Meanwhile Proton Competition’s Porsche 963 will also finally be in action, with the trio of Gianmaria Bruni, Neel Jani and Harry Tincknell they announced some time ago.

Evans optimistic despite Jaguar’s slump

Jaguar’s Mitch Evans dropped back in the Formula E title race at last weekend’s Portland EPrix, coming through from 20th to finish fourth while title rivals Nick Cassidy and Jake Dennis finished first and second.

“We had a plan for the race and executed it pretty well. I know it sounds crazy, after starting 20th and finishing P4, but I think it could have gone a little bit better,” said Evans, who is now 32 points behind leader Dennis with four races to go in Rome and London.

“I’m looking forward to Rome, but obviously it’s a different game in ‘Gen3’, as we saw in Jakarta. We won there last year and this year we really struggled. In the last few races I feel like we’ve not had the pace as in previous races, but we’re going to Rome with high hopes and good memories.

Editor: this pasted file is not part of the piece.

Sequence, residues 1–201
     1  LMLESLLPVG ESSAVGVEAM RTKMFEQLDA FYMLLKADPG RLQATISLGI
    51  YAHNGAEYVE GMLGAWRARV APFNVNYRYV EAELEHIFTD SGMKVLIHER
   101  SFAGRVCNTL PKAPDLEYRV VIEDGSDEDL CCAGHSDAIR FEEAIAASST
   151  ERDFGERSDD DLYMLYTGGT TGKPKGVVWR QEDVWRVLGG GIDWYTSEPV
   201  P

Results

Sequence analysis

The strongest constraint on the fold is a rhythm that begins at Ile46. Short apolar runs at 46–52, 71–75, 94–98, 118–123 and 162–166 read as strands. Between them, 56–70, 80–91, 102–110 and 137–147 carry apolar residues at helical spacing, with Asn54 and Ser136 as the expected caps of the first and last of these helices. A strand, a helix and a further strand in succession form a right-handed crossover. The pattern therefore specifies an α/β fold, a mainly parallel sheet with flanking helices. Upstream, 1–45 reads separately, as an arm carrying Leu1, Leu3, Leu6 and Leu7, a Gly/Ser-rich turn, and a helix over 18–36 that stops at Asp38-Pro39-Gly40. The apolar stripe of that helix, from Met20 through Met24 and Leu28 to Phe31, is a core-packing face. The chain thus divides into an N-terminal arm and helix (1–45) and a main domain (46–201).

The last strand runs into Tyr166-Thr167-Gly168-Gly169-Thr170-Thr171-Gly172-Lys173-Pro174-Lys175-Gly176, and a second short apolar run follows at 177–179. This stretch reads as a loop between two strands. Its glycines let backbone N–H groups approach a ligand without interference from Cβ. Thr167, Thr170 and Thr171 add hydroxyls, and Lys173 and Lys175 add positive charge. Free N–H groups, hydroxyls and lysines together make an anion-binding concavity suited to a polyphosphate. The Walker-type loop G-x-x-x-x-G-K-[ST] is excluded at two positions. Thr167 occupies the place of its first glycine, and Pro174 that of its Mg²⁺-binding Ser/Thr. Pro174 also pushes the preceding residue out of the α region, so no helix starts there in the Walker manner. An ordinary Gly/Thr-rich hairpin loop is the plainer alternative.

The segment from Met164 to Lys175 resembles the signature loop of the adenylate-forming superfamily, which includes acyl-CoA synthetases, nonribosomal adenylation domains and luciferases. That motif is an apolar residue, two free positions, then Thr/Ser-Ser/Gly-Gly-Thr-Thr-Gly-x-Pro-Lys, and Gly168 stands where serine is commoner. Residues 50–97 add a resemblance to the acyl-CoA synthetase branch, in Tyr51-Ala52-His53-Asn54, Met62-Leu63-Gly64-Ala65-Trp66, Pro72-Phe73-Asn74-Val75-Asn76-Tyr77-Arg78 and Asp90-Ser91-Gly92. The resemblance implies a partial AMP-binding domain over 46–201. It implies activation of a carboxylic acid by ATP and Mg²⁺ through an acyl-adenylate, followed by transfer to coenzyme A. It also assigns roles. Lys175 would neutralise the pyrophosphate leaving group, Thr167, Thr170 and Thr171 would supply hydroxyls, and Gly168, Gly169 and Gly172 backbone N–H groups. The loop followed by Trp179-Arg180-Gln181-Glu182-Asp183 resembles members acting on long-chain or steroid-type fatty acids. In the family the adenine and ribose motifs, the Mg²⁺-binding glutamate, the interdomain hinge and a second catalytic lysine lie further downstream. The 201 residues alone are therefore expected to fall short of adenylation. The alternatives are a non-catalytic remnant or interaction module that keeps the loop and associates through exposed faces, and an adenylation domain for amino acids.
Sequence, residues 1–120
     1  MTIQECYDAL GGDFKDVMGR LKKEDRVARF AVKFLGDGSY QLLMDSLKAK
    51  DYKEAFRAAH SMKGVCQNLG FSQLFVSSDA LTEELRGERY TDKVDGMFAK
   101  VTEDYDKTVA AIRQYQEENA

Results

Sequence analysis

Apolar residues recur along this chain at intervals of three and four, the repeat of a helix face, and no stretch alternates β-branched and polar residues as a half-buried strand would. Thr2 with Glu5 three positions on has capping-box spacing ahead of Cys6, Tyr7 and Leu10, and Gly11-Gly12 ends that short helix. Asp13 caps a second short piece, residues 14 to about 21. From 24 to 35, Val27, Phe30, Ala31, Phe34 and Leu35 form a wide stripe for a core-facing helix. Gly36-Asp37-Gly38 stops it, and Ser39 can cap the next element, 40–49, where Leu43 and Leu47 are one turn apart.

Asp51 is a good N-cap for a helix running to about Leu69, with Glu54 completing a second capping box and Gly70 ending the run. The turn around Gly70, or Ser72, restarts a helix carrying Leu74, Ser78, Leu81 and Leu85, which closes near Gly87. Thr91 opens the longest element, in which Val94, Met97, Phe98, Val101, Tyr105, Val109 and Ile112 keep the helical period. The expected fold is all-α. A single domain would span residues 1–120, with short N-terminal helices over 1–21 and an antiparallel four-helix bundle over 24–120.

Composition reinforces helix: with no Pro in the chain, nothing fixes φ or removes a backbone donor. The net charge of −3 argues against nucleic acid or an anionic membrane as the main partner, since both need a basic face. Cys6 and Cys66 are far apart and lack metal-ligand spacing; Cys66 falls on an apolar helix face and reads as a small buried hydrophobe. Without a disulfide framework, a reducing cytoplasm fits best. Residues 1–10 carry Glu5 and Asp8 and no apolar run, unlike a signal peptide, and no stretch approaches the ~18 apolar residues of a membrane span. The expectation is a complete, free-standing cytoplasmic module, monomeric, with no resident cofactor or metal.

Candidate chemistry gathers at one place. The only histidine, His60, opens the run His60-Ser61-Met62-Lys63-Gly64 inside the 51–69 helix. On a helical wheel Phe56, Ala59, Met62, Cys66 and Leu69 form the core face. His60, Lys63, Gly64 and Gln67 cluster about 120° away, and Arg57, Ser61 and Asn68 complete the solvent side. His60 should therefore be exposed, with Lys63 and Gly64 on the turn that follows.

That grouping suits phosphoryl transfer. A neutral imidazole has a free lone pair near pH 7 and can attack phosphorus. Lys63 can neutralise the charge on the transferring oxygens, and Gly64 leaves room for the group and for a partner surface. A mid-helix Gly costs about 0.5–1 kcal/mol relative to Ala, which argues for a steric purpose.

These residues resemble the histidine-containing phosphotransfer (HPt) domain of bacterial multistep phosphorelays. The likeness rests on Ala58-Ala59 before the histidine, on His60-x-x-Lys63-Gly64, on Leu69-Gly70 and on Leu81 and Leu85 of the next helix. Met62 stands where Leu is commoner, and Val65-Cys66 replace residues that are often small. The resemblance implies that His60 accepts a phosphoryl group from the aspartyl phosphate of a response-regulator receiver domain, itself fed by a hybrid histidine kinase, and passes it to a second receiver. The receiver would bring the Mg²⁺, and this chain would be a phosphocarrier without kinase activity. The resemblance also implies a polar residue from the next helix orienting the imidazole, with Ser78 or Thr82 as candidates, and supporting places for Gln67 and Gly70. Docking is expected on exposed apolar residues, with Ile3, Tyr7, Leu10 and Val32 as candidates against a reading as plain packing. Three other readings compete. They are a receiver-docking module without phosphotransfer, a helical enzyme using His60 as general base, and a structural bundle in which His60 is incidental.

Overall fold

“It’s coming to that part of the championship where you have to be perfect and execute clean races, but I’m ready for it.”

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Comment of the day

Helmut Marko has revealed that the AlphaTauri Formula 1 team will change name in 2024, just four years after dropping its original name Toro Rosso. That was an Italian translation of Red Bull, while AlphaTauri is the name of Red Bull’s own fashion brand. All of its other businesses have the name Red Bull in them, so what will the team rebrand to?

Actually surprised how badly Red Bull/AlphaTauri fumbled this identity so badly. I don’t feel this has anything to do with the car’s performance on track and everything to do with the identity – or lack of, with the team.